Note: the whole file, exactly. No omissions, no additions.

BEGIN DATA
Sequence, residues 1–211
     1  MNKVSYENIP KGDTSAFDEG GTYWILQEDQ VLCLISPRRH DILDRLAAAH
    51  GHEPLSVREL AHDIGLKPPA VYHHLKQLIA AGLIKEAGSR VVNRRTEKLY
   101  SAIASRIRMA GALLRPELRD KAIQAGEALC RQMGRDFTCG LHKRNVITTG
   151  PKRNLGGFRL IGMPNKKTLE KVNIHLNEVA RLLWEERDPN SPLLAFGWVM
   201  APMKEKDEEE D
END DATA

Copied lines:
Sequence, residues 1–211
     1  MNKVSYENIP KGDTSAFDEG GTYWILQEDQ VLCLISPRRH DILDRLAAAH
    51  GHEPLSVREL AHDIGLKPPA VYHHLKQLIA AGLIKEAGSR VVNRRTEKLY
   101  SAIASRIRMA GALLRPELRD KAIQAGEALC RQMGRDFTCG LHKRNVITTG
   151  PKRNLGGFRL IGMPNKKTLE KVNIHLNEVA RLLWEERDPN SPLLAFGWVM
   201  APMKEKDEEE D